A few days ago, C, J, and I were at the library. C found a boy who wanted to play, and the two of them immersed in some building toys, and chattered--happily and nonstop. I ended up talking with the boy's mother, and once I outed myself as a homeschooler (seriously, why do people ask my child's grade level instead of his age? They're essentially trying to get an expectation of his maturity and development, right?), she started in with the predictable comments and questions. Including The Question. "What about socialization?"
I gave my best beauty-pageant smile and a benign canned half-answer which I hoped would stall that direction of our discussion. Because it's not an easy question. It doesn't have an easy answer. And given the fact that she was most likely yet another in a long chain of single serving friends, trying to really get to the nitty-gritty truth of the issue really wasn't worth my emotional investment or her time.
But it is important. To me.
Many homeschooling parents tend to develop a knee-jerk reaction to that question. It's fraught with all sorts of loaded assumptions, and--hackles raised--we frequently feel driven to defend ourselves and our children. It's a challenge. It presumes that socialization is something that happens in school, and that without that construct, it is difficult to achieve. It implies that we may not be equipped to provide our children with the necessary exposure to mature successfully in a key area. It suggests that we might be doing them a disservice by not putting them through the same experiences that mainstream students go through.
What do people actually mean when they ask that, though? I've been mulling this over and at the moment I would venture to put forth a few basic possibilities. Please, if you have other thoughts--comment! I'm sure this is not the end of my meditation on the subject. ;)
1. Socialization means socializing.
That is, getting out of the house (homeschooling = homebound, right? *snark*) and having casual fun with other people. This is the facepalm of all assumed meanings because of the irony. Had I been quicker on my feet (or bitchier in my mood), I might have pointed to my child playing with her child in a public place and raised an eyebrow. Seriously? Look. We're outside our house. Interacting with people. Amazing!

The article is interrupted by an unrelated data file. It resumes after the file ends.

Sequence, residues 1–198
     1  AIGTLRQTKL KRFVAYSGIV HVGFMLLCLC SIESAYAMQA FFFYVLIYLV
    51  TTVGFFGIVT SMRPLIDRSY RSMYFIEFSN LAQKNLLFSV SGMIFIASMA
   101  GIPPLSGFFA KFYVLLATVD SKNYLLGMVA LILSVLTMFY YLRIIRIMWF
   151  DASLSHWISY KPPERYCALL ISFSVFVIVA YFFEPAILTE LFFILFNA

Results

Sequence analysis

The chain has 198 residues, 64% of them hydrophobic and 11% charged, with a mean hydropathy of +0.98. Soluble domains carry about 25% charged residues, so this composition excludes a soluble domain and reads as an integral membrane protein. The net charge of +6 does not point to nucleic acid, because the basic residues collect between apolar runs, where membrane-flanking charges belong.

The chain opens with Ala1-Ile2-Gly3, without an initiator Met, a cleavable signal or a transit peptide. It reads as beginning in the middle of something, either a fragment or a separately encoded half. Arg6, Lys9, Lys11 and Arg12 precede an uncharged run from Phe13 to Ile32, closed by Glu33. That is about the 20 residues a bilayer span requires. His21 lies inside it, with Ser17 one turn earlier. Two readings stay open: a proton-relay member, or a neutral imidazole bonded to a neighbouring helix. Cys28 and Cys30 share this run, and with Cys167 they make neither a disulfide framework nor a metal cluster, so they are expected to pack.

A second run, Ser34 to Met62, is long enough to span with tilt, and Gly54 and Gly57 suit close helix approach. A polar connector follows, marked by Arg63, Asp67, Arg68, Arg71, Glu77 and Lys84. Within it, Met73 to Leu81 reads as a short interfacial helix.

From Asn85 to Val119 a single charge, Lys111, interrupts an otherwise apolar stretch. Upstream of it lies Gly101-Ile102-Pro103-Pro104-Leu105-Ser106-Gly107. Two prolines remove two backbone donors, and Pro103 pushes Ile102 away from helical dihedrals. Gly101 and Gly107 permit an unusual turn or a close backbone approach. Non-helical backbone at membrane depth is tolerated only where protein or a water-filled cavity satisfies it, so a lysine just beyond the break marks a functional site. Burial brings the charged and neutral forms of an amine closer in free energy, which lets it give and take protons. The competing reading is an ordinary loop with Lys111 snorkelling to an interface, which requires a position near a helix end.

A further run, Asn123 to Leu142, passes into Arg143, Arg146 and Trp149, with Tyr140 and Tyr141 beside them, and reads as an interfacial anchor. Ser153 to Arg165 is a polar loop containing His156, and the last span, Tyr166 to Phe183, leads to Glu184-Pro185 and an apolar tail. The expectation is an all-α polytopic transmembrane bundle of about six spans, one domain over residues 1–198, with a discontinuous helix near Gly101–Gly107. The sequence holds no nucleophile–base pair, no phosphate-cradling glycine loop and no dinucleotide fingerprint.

2. Socialization means having age-appropriate social skills.
This one is killing me. A few weeks ago, I saw a socialization checklist on Pinterest and the fact that a woman I follow had posted it on her homeschooling board kind of made me cringe. Now that I'm finally blogging about it, however, I can't seem to locate it. It's interesting to note that the first three pages (I didn't read beyond that) of Google results when you search "socialization checklist" are all related to dog training. Let me repeat that. Dog. Training. The elusive child list was, if memory serves, not all that different.
Oh wait, I found it. Yay Internets.
Generally, the checklist for an elementary-aged child includes such concerns as: Does he make eye contact? Does he take turns? Does he follow directions? How does he handle conflict?
Yeah...we homeschoolers don't bother with any of that nonsense. Our kids don't know how to share, play fairly, express their emotions, concentrate, or listen. Because not only do we, as parents, not nurture this type of emotional growth and development, but it also does not happen naturally as a matter of daily interaction with other human beings. < /sarcasm >
Guess what? My children have siblings. And parents. And cousins. And neighbors. And they talk to waitresses and librarians and docents. I could go on and on. Yes. My kids know how to share. Yes. I am helping them to learn which volume level of speech is appropriate for which setting. No. They are not going to act bizarrely around your kids, because they do not exist in a vacuum. It is really damn hard to be a human without--along the way--picking up on how to behave in acceptable ways around other humans.